'Is-a' versus 'is-a-descendant-of'
November 16, 2009
One of the things that my issue with the Python re module not exposing its types has firmly mashed my nose into is the difference between 'is-a-descendant-of' and 'is-a' in object-oriented languages. It's conventional to think of them as more or less the same thing, even in a loose duck typed language like Python; it just seems to make sense for all compiled regular expressions to descend from a single base class, just as it theoretically makes sense for both plain bytestrings and Unicode strings to descend from an abstract generic string class.
(Technically, some of the things that I am calling classes here are actually types. In Python this is a distinction that can usually be ignored.)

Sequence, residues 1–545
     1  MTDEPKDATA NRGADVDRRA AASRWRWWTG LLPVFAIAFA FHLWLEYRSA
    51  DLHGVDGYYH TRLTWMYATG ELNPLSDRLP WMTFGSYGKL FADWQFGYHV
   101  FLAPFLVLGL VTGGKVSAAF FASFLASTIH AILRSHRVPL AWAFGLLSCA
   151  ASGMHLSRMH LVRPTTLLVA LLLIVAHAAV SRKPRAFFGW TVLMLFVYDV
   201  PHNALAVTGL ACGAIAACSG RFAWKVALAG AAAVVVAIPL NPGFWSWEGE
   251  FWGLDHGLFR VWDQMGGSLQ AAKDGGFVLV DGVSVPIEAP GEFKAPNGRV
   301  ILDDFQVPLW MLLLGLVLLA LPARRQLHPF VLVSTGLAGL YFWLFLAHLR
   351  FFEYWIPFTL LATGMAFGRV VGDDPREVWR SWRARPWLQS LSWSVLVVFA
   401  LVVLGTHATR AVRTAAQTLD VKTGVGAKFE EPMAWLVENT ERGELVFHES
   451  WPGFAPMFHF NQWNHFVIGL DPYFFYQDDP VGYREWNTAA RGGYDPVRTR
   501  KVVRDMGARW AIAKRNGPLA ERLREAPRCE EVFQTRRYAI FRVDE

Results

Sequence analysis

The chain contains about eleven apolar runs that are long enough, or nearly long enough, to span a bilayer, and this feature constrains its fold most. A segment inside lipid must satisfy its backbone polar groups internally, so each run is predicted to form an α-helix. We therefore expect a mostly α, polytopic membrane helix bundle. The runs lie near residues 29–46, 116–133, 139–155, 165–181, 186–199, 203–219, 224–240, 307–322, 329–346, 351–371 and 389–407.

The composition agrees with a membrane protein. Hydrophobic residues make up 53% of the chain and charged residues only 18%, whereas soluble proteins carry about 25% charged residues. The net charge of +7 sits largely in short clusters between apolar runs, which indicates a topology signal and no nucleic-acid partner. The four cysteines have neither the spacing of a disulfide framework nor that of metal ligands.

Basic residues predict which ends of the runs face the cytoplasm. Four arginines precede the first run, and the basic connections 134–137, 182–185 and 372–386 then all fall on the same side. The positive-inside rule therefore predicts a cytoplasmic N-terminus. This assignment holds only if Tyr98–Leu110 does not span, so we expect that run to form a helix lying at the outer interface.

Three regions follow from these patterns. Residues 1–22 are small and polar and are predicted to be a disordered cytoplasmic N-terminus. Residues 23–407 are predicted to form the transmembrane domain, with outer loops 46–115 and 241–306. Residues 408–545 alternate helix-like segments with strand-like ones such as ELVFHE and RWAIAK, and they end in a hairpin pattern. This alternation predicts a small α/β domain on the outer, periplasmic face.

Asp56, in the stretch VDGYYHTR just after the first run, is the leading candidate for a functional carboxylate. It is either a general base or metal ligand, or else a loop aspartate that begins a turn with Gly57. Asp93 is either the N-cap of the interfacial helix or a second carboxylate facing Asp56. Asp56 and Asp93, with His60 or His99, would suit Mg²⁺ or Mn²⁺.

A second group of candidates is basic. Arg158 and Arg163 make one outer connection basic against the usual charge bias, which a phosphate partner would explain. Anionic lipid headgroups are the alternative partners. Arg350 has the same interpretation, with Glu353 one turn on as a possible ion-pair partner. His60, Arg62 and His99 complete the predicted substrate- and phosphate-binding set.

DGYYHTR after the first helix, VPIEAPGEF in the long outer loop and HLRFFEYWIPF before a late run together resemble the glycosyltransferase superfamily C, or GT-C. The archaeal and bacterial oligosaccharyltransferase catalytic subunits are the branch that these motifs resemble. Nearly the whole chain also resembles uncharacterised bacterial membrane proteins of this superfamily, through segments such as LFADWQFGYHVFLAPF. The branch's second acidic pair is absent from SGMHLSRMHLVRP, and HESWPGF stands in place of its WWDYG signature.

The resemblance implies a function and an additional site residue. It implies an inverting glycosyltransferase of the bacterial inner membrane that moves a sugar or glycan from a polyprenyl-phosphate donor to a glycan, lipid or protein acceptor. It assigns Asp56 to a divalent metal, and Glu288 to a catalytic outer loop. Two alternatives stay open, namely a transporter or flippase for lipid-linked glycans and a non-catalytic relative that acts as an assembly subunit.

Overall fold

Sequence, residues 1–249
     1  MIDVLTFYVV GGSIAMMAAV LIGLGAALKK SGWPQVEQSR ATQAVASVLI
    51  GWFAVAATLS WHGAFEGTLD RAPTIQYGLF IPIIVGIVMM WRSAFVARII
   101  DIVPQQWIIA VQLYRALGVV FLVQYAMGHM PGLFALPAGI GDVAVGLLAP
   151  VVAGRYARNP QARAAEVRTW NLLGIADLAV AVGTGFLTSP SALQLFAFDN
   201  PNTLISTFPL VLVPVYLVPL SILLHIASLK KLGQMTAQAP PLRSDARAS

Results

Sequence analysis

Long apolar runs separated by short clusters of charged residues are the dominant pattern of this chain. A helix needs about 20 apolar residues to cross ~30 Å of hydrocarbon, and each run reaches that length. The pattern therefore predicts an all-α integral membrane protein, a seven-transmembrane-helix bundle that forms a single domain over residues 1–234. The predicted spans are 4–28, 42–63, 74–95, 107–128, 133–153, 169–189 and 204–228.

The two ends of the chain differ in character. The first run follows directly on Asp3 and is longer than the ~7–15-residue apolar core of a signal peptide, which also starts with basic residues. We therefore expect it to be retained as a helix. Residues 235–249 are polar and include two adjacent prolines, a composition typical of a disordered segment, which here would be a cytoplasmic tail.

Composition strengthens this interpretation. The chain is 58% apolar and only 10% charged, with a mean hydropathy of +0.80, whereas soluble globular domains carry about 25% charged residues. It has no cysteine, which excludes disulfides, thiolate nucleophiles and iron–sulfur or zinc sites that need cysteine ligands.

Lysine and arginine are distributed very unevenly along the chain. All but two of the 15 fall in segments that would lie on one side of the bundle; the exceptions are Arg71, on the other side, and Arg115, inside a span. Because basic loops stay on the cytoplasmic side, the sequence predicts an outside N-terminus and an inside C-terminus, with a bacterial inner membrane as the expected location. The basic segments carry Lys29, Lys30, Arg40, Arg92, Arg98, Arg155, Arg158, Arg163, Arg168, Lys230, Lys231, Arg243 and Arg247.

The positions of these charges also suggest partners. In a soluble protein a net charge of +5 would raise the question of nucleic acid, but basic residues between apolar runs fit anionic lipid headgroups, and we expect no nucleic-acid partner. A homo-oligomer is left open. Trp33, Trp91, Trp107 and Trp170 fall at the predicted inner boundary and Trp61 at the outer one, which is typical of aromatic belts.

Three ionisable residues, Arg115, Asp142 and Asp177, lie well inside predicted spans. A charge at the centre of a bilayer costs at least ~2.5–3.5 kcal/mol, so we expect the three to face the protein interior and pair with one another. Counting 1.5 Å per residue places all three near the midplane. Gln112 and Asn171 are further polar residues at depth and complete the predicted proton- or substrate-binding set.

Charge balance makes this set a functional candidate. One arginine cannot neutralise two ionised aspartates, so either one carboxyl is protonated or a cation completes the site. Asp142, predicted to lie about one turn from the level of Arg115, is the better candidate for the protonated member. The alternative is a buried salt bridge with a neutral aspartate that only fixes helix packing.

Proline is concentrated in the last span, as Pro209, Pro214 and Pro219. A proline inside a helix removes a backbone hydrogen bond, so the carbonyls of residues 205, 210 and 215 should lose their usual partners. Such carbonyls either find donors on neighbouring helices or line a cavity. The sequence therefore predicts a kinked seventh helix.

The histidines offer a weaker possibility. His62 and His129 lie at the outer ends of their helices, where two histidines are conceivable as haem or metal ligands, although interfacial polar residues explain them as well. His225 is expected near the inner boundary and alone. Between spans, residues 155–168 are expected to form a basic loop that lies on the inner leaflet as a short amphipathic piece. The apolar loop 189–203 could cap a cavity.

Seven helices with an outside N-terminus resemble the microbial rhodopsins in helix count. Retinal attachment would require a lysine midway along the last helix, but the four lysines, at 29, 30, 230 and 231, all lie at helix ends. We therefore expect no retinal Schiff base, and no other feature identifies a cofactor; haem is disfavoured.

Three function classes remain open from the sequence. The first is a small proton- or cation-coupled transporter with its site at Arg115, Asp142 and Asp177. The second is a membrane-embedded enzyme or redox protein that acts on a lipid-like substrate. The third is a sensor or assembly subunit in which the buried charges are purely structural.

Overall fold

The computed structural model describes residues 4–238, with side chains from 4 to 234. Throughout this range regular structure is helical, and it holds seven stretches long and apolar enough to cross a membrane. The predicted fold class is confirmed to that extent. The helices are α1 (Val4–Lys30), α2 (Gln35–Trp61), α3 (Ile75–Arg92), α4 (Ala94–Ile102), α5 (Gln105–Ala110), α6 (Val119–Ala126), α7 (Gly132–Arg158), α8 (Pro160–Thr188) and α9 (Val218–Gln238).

Of course, when I write it out like this it's evident that it doesn't
necessarily make sense. For example, the actual implementation of
Python's base string class has no code and no behavior; it exists only
for the convenience of programmers who want to
On the flipside, it would be nice to be able to write alternate regular expression engines and have their objects accepted as 'compiled regular expressions'. Right now, anything that does duck typing will accept them, but things that look at types won't, purely because they don't descend from the current implementation of the regexp class (and you can't fix that, partly for reasons that I covered yesterday).
What this gets down to is that 'is-a' is effectively a question of interface, not of inheritance. In fact, duck typing in a nutshell is that your object 'is-a' compiled regular expression if it satisfies the expected interface behavior for such objects. Even in Python, we almost always use 'is-a-descendant-of' tests only as a convenient proxy for answering this 'is-a' question, but they are not quite the same thing and the difference can trip you (or other people) up.
(I'm sure I've read about this before, but there is a certain vividness to things this time around because I've had my nose rubbed in this.)
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